Kalogeropoulos also outlined how some of the political debates regarding the Affordable Care Act are not completely different from the criticism surrounding Medicare legislation in the 1960s.
“If you look at when medicare was first being debated in the 1960s, it was viewed basically as communism in disguise. There was a lot of negative reaction to it. People called it socialism or encroaching government power. Of course, fast forward 50 years and Medicare is such a critical part of the nation’s healthcare infrastructure. It is not a politically contentious issue,” Kalogeropoulos stated. “Before medicare 50 percent of seniors had health insurance and now 95 percent of seniors have health insurance. You can see a similar thing happening with the ACA. Uninsurance rates are the lowest they’ve ever been recorded.”
The consequences of inaction
The federal government including the Senate and the House of Representatives will need to work toward implementing some of the revisions necessary to strengthen the Affordable Care Act and alleviate payers concerns especially with regard to operating through the public health insurance marketplace. What would happen if the government does not move forward with revising the Affordable Care Act?
“Our biggest concern is inaction because the ACA needs refinement. We believe it’s a solid foundation but there’s things that need to be done to make it better for the payers and things that need to be done to make the risk pool more sustainable. That’s to be expected. If we don’t do those things, we run the risk of the insurance death spiral, which leads to higher premiums forcing healthier people out of the market resulting in higher costs and fewer healthier people on the public marketplace,” Kalogeropoulos explained the outcome of stalling on healthcare reform. “That’s a real risk if no one moves to reform the law.”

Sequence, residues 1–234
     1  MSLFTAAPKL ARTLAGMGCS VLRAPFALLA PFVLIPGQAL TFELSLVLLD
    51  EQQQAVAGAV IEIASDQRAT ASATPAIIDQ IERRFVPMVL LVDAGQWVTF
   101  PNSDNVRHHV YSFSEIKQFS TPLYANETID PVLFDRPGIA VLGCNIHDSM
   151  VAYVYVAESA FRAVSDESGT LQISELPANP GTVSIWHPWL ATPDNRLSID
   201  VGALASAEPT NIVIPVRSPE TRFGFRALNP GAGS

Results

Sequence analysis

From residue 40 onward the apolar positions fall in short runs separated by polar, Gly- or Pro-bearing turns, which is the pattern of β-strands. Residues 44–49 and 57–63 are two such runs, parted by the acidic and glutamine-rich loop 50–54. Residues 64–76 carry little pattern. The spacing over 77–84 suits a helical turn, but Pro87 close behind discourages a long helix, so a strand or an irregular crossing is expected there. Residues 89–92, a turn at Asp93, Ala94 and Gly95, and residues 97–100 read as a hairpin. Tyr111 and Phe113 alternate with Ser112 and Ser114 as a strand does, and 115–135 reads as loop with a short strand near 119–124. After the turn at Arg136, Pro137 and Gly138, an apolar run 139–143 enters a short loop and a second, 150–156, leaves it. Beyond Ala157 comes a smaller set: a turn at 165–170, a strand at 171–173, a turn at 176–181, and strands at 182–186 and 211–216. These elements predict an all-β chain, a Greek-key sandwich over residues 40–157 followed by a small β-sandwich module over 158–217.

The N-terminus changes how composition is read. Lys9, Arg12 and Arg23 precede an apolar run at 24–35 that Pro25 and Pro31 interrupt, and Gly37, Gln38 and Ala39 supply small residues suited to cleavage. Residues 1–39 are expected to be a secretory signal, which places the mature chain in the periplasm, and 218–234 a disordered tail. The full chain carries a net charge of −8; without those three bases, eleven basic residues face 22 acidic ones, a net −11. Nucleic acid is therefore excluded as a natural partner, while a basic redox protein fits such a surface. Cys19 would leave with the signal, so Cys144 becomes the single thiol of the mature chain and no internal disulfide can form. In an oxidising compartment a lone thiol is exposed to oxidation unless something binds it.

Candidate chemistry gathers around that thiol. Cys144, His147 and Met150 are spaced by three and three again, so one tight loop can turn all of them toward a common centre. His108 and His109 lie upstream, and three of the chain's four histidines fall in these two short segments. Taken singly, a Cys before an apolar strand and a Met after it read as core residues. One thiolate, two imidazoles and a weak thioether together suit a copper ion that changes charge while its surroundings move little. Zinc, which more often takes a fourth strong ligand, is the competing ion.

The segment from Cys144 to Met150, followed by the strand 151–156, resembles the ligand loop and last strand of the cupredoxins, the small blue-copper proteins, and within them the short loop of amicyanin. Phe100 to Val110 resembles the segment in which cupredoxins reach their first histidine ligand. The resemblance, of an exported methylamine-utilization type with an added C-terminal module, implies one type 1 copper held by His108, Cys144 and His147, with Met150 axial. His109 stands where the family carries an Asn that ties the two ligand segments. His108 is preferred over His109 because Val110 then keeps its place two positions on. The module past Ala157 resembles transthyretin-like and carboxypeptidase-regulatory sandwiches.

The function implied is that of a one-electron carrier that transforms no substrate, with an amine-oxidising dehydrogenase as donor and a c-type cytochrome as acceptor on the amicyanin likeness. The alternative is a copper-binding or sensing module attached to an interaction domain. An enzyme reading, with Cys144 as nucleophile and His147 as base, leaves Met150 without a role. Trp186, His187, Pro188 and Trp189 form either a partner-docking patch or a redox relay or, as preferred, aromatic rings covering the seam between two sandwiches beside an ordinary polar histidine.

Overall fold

“No one across the political spectrum wants to get rid of health reform. They want to get rid of ObamaCare. Health reform is something that has had extensive bipartisan support in the past. If you look at the proposals coming out of the GOP such as Ryan’s plan starts out with repeal but then goes into saying to institute a subsidy and have subsidy threshold be 300 percent instead of 400 percent on federal poverty level,” he continued.
“It goes on to institute a continuous care requirement, put more emphasis on health savings accounts, and let people deduct premium payments from their taxes. All of this is really health reform revised instead of repealed. The biggest risks are inaction or the repealing and failing to replace.”
The outcomes of ACA revision
However, if the Affordable Care Act is preserved and improved upon, the uninsurance rate is expected to drop even further especially if Medicaid expansion continues and national health payers will be more likely to come back to serving on the health insurance exchanges.
“We think you will see a dramatically reduced uninsurance rate,” Kalogeropoulos said. “We’ve seen the lowest ever uninsured rate and we should see that number go even further down particularly if we fix things like the Medicaid gap among states that haven’t expanded Medicaid. There are people who can’t get subsidies and cannot get Medicaid. Doing something to fix that like extending subsidies, will take care of those people.”
“Several million more would have coverage then. A drop in the uninsurance rate would definitely follow. Also, a healthier functioning exchange ecosystem would occur,” he concluded. “Essentially, that healthier ecosystem would both draw the big carriers back in like Aetna and UnitedHealth but also make it possible for them to be profitable. Bringing part-time and full-time employees to the public exchanges would bring a healthier risk pool. Because coverage decisions and spending decisions would occur on the individual level, there are potentially very strong benefits in terms of containing cost.”